(f) all offences, including tax crimes relating to direct taxes and indirect taxes and as defined in the national law of the Member States, which are punishable by deprivation of liberty or a detention order for a maximum of more than one year or, as regards Member States that have a minimum threshold for offences in their legal system, all offences punishable by deprivation of liberty or a detention order for a minimum of more than six months;

(5) ‘self-regulatory body’ means a body that represents members of a profession and has a role in regulating them, in performing certain supervisory or monitoring type functions and in ensuring the enforcement of the rules relating to them;

(6) ‘beneficial owner’ means any natural person(s) who ultimately owns or controls the customer and/or the natural person(s) on whose behalf a transaction or activity is being conducted and includes at least:

(a) in the case of corporate entities:

(i) the natural person(s) who ultimately owns or controls a legal entity through direct or indirect ownership of a sufficient percentage of the shares or voting rights or ownership interest in that entity, including through bearer shareholdings, or through control via other means, other than a company listed on a regulated market that is subject to disclosure requirements consistent with Union law or subject to equivalent international standards which ensure adequate transparency of ownership information.

A shareholding of 25 % plus one share or an ownership interest of more than 25 % in the customer held by a natural person shall be an indication of direct ownership. A shareholding of 25 % plus one share or an ownership interest of more than 25 % in the customer held by a corporate entity, which is under the control of a natural person(s), or by multiple corporate entities, which are under the control of the same natural person(s), shall be an indication of indirect ownership. This applies without prejudice to the right of Member States to decide that a lower percentage may be an indication of ownership or control. Control through other means may be determined, inter alia, in accordance with the criteria in Article 22(1) to (5) of Directive 2013/34/EU of the European Parliament and of the Council ( 11 );

(ii) if, after having exhausted all possible means and provided there are no grounds for suspicion, no person under point (i) is identified, or if there is any doubt that the person(s) identified are the beneficial owner(s), the natural person(s) who hold the position of senior managing official(s), the obliged entities shall keep records of the actions taken in order to identify the beneficial ownership under point (i) and this point;

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(b) in the case of trusts, all following persons:

(i) the settlor(s);

(ii) the trustee(s);

(iii) the protector(s), if any;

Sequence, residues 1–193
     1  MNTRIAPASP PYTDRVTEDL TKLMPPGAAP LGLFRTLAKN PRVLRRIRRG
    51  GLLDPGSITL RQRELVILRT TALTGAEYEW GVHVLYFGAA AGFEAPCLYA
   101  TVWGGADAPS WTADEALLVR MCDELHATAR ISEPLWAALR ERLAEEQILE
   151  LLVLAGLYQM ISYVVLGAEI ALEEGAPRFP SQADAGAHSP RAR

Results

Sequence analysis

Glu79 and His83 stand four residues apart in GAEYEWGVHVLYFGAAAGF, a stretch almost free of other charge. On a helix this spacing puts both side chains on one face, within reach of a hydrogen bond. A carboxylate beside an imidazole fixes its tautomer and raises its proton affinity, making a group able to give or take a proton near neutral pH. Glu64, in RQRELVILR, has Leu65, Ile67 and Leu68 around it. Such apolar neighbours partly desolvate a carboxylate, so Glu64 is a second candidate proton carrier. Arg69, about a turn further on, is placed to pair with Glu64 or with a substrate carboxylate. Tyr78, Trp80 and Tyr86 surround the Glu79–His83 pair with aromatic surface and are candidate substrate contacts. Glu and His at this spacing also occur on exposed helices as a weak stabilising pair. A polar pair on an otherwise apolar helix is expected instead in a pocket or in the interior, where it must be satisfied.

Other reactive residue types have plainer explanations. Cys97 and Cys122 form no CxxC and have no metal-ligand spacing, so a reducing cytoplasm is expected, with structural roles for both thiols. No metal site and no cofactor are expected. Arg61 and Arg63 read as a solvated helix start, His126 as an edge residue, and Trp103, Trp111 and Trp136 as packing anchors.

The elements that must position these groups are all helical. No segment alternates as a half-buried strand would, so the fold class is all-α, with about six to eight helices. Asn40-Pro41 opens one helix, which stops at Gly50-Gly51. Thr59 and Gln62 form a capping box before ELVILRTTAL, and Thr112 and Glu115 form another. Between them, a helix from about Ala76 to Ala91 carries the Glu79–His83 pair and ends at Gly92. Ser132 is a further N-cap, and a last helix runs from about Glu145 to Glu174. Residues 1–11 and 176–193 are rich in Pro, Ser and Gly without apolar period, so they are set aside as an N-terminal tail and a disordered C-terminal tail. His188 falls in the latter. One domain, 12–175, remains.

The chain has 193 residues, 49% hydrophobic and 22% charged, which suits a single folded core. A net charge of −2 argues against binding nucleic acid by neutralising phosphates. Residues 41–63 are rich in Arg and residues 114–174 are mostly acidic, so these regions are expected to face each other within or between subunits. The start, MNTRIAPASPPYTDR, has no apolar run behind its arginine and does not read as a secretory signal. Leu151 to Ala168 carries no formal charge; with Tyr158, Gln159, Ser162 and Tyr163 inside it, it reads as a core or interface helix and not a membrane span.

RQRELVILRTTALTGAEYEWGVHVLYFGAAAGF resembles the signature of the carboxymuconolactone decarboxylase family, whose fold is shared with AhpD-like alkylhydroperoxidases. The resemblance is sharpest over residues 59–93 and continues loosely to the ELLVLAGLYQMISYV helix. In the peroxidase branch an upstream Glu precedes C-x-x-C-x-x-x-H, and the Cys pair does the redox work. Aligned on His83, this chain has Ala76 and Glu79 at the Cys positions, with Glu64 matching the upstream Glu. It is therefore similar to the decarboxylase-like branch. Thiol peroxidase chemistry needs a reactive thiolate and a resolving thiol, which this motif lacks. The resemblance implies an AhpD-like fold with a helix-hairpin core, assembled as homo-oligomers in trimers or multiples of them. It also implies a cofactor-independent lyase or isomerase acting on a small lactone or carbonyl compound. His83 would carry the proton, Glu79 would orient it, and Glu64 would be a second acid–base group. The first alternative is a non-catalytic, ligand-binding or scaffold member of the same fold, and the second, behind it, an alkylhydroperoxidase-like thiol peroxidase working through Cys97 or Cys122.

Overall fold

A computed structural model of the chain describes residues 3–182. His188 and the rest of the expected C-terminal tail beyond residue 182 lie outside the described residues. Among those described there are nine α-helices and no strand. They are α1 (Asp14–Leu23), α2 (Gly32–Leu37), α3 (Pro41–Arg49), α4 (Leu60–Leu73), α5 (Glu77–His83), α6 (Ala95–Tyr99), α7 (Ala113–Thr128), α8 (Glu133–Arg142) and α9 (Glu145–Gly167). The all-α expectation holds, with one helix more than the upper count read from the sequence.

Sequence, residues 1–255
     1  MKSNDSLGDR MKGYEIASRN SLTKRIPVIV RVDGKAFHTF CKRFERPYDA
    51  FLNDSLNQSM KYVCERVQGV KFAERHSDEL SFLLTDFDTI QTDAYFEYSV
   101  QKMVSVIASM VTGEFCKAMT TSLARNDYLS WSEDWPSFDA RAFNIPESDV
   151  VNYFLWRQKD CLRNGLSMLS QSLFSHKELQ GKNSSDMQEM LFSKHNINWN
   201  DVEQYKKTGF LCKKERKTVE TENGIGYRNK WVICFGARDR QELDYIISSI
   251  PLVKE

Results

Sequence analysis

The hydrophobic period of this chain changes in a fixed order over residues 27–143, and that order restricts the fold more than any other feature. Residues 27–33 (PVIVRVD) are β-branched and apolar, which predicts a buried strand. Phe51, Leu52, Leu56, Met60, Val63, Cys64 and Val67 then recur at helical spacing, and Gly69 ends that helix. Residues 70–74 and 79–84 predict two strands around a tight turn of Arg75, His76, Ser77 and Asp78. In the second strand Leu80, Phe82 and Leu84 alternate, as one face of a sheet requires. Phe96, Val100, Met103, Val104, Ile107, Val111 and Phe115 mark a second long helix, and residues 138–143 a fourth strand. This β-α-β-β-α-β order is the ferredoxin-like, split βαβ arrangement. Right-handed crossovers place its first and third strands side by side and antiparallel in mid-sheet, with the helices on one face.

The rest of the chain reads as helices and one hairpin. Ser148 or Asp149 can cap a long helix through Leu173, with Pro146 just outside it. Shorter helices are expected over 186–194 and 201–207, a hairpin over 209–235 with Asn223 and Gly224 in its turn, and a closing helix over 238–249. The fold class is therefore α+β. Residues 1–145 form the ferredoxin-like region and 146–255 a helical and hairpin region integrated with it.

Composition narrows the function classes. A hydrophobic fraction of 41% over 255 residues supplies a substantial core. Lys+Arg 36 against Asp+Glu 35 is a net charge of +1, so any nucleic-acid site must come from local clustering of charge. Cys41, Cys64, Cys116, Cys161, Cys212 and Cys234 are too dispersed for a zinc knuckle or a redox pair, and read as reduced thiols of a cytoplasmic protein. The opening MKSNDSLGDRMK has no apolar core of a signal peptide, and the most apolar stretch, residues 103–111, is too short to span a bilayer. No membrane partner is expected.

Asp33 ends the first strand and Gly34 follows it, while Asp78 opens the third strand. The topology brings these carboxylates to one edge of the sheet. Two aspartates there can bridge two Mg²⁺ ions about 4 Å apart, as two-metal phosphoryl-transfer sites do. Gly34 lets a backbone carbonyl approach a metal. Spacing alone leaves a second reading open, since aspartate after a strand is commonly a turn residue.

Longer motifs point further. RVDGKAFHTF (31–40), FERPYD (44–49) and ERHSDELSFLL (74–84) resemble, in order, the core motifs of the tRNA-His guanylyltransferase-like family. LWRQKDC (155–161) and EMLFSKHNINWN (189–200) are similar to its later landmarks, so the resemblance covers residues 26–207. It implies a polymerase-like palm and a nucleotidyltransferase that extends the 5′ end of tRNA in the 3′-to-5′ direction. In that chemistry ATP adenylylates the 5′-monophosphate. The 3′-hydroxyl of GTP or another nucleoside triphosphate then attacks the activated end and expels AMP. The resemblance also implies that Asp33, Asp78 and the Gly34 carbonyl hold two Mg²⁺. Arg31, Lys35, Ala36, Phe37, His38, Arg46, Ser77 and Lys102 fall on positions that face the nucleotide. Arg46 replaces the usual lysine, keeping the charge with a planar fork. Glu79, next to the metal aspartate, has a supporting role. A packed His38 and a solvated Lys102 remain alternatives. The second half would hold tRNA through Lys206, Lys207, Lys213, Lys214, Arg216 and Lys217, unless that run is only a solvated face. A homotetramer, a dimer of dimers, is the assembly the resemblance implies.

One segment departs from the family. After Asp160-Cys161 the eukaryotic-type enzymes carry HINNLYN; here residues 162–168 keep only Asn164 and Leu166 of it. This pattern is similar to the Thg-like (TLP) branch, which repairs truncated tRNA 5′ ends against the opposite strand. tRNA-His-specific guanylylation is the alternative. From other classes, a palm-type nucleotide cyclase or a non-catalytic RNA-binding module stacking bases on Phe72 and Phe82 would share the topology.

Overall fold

(iv) the beneficiaries or where the individuals benefiting from the legal arrangement or entity have yet to be determined, the class of persons in whose main interest the legal arrangement or entity is set up or operates;

(v) any other natural person exercising ultimate control over the trust by means of direct or indirect ownership or by other means;

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(c) in the case of legal entities such as foundations, and legal arrangements similar to trusts, the natural person(s) holding equivalent or similar positions to those referred to in point (b);

(7) ‘trust or company service provider’ means any person that, by way of its business, provides any of the following services to third parties:

(a) the formation of companies or other legal persons;

(b) acting as, or arranging for another person to act as, a director or secretary of a company, a partner of a partnership, or a similar position in relation to other legal persons;

(c) providing a registered office, business address, correspondence or administrative address and other related services for a company, a partnership or any other legal person or arrangement;

(d) acting as, or arranging for another person to act as, a trustee of an express trust or a similar legal arrangement;

(e) acting as, or arranging for another person to act as, a nominee shareholder for another person other than a company listed on a regulated market that is subject to disclosure requirements in accordance with Union law or subject to equivalent international standards;

(8) ‘correspondent relationship’ means:

(a) the provision of banking services by one bank as the correspondent to another bank as the respondent, including providing a current or other liability account and related services, such as cash management, international funds transfers, cheque clearing, payable-through accounts and foreign exchange services;